It was an unexpected lifeline during Hurricane Harvey, and it’s still being used to help victims.

Nextdoor says they received tens of thousands of new Houston users during Hurricane Harvey alone. They had a more than 500 percent increase in posts, replies and alerts. More than 3,000 urgent alerts were sent out a day. Normally, that number is about a dozen.

“You never get used to it. Believe me," Kris Moore said.

It’s not the first, but the fourth time Kris Moore’s home has flooded from a storm.

“Every flood I've been through has been totally different," Moore said.

She’s been through Allison, Tax Day and Memorial Day floods. Now Harvey has also stopped by.

But Moore says there’s something different about this time around.

“It was comforting more than anything, I think," Moore said.

She was connected like never before to her neighbors through the Nextdoor app.

“It was also a lifeline to see what was going on in the immediate vicinity. Because on the news, the TV was on, you could watch the news, you could see what was going on in the city or the world, but not was was going on in the immediate vicinity," Moore said.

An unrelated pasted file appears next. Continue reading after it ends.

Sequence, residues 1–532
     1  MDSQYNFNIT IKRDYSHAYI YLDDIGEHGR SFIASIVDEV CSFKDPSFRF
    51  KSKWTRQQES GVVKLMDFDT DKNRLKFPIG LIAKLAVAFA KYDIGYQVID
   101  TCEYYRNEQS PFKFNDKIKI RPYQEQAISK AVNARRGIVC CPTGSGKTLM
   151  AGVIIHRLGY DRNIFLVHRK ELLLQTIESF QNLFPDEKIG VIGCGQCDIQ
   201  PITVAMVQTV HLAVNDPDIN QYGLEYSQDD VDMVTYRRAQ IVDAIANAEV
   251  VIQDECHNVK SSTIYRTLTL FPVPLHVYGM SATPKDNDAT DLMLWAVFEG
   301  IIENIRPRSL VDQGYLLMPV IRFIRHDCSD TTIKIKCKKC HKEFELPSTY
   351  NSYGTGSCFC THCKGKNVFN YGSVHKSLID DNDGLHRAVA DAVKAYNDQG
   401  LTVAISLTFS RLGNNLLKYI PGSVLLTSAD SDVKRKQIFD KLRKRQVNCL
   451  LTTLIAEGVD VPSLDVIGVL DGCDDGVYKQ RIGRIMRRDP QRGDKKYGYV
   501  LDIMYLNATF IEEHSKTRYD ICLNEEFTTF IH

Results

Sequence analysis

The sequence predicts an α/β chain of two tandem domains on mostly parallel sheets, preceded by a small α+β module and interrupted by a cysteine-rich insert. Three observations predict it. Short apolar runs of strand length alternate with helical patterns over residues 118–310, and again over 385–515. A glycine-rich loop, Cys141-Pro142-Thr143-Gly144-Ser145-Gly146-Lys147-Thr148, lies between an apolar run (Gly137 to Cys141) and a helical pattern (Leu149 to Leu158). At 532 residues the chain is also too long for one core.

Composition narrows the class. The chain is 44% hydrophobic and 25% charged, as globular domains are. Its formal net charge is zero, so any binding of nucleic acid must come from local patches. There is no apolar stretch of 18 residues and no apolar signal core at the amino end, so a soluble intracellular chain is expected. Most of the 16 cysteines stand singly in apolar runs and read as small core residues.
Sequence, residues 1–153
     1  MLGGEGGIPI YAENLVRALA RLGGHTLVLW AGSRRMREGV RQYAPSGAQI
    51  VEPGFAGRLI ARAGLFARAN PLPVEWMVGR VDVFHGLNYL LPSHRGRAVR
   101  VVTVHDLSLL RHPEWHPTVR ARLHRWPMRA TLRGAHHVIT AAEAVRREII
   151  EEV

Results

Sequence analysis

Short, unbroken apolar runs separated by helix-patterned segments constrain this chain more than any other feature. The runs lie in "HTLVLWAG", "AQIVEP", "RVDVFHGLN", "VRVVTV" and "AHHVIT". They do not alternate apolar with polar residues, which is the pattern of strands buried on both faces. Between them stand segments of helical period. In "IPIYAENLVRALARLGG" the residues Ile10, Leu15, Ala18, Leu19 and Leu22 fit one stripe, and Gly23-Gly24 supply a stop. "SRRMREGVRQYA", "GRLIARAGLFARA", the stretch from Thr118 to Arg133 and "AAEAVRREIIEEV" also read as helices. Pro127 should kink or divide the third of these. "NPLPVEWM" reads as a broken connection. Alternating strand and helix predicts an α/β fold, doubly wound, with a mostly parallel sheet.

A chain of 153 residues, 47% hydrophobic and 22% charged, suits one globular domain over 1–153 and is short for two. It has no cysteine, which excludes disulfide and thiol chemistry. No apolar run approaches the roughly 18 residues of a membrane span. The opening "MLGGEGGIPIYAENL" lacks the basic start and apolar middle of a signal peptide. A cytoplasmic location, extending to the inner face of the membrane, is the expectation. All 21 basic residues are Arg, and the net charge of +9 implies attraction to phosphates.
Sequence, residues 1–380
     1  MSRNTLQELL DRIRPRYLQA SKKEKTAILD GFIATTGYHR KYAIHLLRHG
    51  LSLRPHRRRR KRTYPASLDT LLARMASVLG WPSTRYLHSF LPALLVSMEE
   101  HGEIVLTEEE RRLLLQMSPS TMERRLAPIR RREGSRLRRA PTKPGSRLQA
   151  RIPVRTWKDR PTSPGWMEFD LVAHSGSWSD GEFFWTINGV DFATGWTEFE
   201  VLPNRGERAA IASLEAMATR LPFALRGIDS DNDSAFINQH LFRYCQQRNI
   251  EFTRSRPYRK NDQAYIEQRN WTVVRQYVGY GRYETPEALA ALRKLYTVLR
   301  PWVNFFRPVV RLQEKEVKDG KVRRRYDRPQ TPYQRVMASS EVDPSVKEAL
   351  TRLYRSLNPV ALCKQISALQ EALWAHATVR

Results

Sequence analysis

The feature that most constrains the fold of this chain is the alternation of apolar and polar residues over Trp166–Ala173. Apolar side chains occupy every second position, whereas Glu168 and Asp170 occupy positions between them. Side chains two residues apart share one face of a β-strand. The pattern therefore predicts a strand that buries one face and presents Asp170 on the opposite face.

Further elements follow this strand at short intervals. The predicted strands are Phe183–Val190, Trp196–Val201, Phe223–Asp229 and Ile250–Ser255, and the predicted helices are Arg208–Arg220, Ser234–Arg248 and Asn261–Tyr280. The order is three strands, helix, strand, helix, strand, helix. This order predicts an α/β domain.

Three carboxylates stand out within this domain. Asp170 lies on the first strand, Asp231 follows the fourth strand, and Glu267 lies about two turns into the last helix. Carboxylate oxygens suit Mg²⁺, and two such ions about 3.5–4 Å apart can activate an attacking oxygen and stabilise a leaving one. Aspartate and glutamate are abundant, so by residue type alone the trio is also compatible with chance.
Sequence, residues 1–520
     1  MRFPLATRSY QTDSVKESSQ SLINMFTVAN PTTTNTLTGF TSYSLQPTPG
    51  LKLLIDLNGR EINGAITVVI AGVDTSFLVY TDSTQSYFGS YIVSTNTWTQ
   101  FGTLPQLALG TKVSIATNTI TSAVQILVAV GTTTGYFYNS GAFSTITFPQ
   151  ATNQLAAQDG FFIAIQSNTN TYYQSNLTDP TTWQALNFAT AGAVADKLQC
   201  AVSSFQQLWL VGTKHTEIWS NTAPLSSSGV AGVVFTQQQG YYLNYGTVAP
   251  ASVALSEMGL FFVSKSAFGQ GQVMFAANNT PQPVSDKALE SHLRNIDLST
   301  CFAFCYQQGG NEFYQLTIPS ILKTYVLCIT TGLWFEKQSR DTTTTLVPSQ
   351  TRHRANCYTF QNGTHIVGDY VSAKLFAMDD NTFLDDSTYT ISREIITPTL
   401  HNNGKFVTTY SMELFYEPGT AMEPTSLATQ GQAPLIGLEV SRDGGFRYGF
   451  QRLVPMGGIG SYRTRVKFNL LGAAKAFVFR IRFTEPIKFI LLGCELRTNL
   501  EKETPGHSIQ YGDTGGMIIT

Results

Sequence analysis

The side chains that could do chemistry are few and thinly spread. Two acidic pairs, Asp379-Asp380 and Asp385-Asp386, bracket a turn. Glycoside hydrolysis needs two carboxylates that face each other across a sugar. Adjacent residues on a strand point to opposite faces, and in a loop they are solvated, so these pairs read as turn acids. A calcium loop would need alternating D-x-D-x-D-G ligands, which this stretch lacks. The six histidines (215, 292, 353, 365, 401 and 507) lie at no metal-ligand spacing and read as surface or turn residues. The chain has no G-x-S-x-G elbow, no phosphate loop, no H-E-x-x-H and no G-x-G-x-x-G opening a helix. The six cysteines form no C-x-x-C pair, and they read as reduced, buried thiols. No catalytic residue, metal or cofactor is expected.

It works much like any social media, but the app is specifically designed for neighborhoods to communicate, and for some during Harvey, that meant that difference between life and death.

“Just to know things are happening in the neighborhood, and you’d be helped eventually," Moore said.

Kristin Kim says she uses the app now for advice.

“Knowing where to go. Should I be finding a contractor?" Kim said.

But it’s not just the app. It’s Facebook, too. Groups have been formed to just to offer that same advice, help or even just support.

“'Cause we’ve never been through this so we don’t know what to expect. Sometimes others may have an answer that we don’t know yet," Kim said.